The development of a simulation model of the surface water response of a catchment
Based on the physics of flow through porous media, on the dynamic equations of De Saint-Venant and on the kinematic wave approach a numerical model which links groundwater motion through an unconfined aquifer to stream and overland flows has been developed. Galerkin's method has been used to discretize the partial differential equations over the space domain, whereas finite difference schemes have been utilized to approximate the set of nonlinear ordinary differential equations into a set of difference equations which have been solved iteratively by Newton-Raphson's method by means of Gauss substitution of each time step.
It has been suggested that the use of two-dimensional models to simulate nonlinear aquifer motions by means of Dupuit's assumption has been the main cause of senseless numerical transient fluctuations on the water table levels. The fact that the accuracy of the solutions near the sinks is constrained to the magnitude of the pumping rates has been shown to be another consequence of having assumed the hydraulic gradient to be equal to the slope of the free surface.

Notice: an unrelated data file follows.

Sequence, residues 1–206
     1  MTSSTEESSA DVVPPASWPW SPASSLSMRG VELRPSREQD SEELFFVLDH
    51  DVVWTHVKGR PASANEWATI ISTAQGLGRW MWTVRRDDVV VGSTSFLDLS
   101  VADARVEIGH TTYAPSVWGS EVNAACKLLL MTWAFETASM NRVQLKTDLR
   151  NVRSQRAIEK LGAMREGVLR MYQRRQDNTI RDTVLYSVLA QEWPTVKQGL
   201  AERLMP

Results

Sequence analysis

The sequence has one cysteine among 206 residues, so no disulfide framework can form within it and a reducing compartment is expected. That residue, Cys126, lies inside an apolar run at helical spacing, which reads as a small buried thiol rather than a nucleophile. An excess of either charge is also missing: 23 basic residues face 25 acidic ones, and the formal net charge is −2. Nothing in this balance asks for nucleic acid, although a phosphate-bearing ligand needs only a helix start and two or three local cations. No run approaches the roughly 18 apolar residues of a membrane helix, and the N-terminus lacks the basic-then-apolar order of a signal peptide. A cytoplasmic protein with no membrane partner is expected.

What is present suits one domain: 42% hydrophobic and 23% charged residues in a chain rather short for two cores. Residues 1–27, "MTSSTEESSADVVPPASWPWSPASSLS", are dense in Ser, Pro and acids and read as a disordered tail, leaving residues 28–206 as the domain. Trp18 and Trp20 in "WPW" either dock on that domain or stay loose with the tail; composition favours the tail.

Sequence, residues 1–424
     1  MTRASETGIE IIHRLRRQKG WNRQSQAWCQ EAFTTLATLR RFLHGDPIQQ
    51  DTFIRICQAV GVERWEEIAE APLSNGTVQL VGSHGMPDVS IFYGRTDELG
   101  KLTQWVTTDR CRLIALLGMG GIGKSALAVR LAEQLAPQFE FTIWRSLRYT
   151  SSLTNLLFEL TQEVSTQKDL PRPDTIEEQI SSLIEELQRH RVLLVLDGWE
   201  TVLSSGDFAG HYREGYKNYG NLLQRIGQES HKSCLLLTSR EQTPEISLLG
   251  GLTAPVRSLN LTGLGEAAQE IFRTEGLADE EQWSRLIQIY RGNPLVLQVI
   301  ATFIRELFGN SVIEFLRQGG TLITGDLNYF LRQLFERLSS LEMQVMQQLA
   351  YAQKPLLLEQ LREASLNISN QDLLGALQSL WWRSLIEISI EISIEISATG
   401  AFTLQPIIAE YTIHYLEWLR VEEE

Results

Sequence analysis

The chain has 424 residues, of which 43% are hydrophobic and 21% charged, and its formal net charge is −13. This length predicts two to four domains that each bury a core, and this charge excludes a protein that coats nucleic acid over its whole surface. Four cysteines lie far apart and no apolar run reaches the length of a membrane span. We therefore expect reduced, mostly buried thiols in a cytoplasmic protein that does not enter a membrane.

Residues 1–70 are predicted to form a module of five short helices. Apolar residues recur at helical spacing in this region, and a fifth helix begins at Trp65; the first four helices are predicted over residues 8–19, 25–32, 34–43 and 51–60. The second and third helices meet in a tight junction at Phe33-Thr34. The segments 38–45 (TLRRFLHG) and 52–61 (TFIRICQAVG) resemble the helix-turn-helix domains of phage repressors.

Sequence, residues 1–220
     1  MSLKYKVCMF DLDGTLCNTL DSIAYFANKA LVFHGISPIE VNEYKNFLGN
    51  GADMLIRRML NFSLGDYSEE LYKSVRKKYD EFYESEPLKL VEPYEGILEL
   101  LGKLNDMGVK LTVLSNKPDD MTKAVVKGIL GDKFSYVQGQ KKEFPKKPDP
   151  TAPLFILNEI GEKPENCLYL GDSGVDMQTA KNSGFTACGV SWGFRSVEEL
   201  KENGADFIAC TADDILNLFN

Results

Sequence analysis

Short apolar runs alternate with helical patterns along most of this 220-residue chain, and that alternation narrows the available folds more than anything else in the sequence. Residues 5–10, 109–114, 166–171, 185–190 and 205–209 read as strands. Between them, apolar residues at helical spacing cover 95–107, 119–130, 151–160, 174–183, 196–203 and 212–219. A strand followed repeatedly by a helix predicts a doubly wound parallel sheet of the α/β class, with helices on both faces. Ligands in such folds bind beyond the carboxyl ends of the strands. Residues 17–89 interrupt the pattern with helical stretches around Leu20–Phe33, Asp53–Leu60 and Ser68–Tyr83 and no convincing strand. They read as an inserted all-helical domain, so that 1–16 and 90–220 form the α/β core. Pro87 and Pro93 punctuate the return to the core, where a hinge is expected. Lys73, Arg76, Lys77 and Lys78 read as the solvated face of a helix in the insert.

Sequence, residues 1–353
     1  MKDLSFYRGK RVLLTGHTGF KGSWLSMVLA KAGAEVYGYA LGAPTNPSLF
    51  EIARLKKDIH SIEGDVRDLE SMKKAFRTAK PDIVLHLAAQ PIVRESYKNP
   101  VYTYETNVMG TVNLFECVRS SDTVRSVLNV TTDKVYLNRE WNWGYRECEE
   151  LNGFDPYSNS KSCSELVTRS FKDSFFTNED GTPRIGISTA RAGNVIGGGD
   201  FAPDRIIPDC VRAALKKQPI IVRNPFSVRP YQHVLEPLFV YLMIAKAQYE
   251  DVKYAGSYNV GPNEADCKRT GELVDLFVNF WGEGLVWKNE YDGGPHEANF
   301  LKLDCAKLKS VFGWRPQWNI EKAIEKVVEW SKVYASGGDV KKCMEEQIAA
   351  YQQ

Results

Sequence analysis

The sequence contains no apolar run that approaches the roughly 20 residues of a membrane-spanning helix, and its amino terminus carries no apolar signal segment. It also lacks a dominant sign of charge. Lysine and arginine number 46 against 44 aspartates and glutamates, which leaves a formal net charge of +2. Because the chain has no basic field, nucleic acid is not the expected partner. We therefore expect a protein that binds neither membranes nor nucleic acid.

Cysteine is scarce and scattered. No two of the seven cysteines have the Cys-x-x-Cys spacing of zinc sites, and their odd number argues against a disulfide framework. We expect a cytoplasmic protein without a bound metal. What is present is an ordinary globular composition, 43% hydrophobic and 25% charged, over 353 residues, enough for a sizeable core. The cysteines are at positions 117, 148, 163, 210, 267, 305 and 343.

A new approach to solve complex channel networks by means of penalty functions over the depths of flow in order to simulate abrupt cross-section width augmentation at the junctions has been presented. Stage-discharge rating functions which take the slope of free surface into account have been used as open downstream boundary conditions to allow the simulation of hysteresis even in these boundaries of the channel networks. It has been shown that approximation of natural cross-sections to asymmetric trapezia can minimize the errors of the main geometric elements of these natural channel cross-sections.
Several unsuccessful attempts to model surface runoff as shallow two-dimensional flow have led to the conclusion that it cannot be modelled using fixed boundaries.